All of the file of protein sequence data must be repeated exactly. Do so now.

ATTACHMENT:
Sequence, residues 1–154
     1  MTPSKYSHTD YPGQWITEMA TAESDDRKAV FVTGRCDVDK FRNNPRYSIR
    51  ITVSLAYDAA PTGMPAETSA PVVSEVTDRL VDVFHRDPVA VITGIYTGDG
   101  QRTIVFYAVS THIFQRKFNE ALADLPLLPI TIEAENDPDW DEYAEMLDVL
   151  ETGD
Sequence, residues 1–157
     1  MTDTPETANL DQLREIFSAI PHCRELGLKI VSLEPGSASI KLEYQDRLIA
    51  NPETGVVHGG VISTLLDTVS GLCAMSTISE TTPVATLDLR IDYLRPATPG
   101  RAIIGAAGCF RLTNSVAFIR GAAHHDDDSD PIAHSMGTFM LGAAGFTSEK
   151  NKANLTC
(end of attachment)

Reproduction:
Sequence, residues 1–154
     1  MTPSKYSHTD YPGQWITEMA TAESDDRKAV FVTGRCDVDK FRNNPRYSIR
    51  ITVSLAYDAA PTGMPAETSA PVVSEVTDRL VDVFHRDPVA VITGIYTGDG
   101  QRTIVFYAVS THIFQRKFNE ALADLPLLPI TIEAENDPDW DEYAEMLDVL
   151  ETGD
Sequence, residues 1–157
     1  MTDTPETANL DQLREIFSAI PHCRELGLKI VSLEPGSASI KLEYQDRLIA
    51  NPETGVVHGG VISTLLDTVS GLCAMSTISE TTPVATLDLR IDYLRPATPG
   101  RAIIGAAGCF RLTNSVAFIR GAAHHDDDSD PIAHSMGTFM LGAAGFTSEK
   151  NKANLTC